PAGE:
Ellen G. White Writings

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Sermons and Talks, vol. 2, Page 219

city, and setteth Him on a pinnacle of the temple, and saith unto Him, If Thou be the Son of God, cast Thyself down: for it is written, He shall give His angels charge concerning Thee: and in their hands they shall bear Thee up, lest at any time Thou dash Thy foot against a stone.” Satan now supposes that he has met Jesus on His own ground.

The wily foe himself presents words that proceeded from the mouth of God. He makes it evident that he is acquainted with the Scriptures. But when he quoted the promise, “He shall give His angels charge over Thee,” he omitted the words, “to keep Thee in all Thy ways,” that is, in all the ways of God's choosing. Jesus refused to go outside the path of obedience. He would not force Providence to come to His rescue, and thus fail of giving man an example of trust and submission. Never did He work a miracle in His own behalf. His wonderful works were all for the good of others. Jesus declared to Satan, “It is written again, Thou shalt not tempt the Lord thy God.” God will preserve all who walk in the path of obedience, but to depart from it is to venture on Satan's ground. There we are sure to fall. The Saviour has bidden us, “Watch ye and pray, lest ye enter into temptation.”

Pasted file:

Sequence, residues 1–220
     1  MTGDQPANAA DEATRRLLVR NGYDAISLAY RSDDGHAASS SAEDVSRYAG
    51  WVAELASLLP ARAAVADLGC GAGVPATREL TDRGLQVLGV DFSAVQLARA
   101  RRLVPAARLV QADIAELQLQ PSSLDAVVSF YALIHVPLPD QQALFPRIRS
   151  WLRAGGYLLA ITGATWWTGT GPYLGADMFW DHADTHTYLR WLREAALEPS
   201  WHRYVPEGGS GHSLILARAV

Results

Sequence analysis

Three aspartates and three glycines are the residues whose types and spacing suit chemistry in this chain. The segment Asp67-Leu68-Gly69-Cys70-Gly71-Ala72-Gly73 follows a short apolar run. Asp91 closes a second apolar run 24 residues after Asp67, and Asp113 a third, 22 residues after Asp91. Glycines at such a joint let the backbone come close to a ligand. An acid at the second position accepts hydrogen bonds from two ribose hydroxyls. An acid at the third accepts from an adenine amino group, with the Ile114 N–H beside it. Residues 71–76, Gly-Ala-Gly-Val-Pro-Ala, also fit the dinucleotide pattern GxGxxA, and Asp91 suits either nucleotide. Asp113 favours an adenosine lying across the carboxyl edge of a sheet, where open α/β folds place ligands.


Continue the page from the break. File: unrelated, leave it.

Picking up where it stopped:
Jesus was victor in the second temptation, and now Satan manifests himself in his true character, claiming to be the god of this world. Placing Jesus upon a high mountain, Satan caused the kingdoms of the world, in all their glory, to pass in panoramic view before Him. The eyes of Jesus, so lately greeted by gloom and desolation, now gazed upon a scene of unsurpassed loveliness and prosperity. Then the tempter's voice was heard, “All this power will I give Thee, and the glory of them: for that is delivered unto me; and to whomsoever I will I give it. If Thou therefore wilt worship me, all shall be Thine” [Luke 4:6].

Christ's mission could be fulfilled only through suffering. Before Him was a life of sorrow, hardship, and conflict, and an ignominious death. But now Christ might deliver Himself from the dreadful future by acknowledging the supremacy of Satan. But to do this was to yield the victory in the great controversy. Christ declared to the tempter, “Get thee behind Me, Satan; for it is written, Thou shalt worship the Lord thy God, and Him only shalt thou serve.” Christ's divinity flashed through suffering humanity. Satan had no power to resist the command to depart. Humiliated and enraged, he was forced to withdraw from the presence of the world's Redeemer.

After the foe had departed, Jesus fell exhausted to the earth. He had endured the test, but He now was

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